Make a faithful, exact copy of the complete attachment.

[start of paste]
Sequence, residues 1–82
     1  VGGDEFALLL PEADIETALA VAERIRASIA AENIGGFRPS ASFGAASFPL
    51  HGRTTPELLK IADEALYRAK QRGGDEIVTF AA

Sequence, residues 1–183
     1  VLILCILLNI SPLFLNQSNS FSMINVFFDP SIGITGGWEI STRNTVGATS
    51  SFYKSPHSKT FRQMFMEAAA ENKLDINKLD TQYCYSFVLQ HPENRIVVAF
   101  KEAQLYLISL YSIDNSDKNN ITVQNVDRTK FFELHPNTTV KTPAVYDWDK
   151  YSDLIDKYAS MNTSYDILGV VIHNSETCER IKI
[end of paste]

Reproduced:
Sequence, residues 1–82
     1  VGGDEFALLL PEADIETALA VAERIRASIA AENIGGFRPS ASFGAASFPL
    51  HGRTTPELLK IADEALYRAK QRGGDEIVTF AA

Sequence, residues 1–183
     1  VLILCILLNI SPLFLNQSNS FSMINVFFDP SIGITGGWEI STRNTVGATS
    51  SFYKSPHSKT FRQMFMEAAA ENKLDINKLD TQYCYSFVLQ HPENRIVVAF
   101  KEAQLYLISL YSIDNSDKNN ITVQNVDRTK FFELHPNTTV KTPAVYDWDK
   151  YSDLIDKYAS MNTSYDILGV VIHNSETCER IKI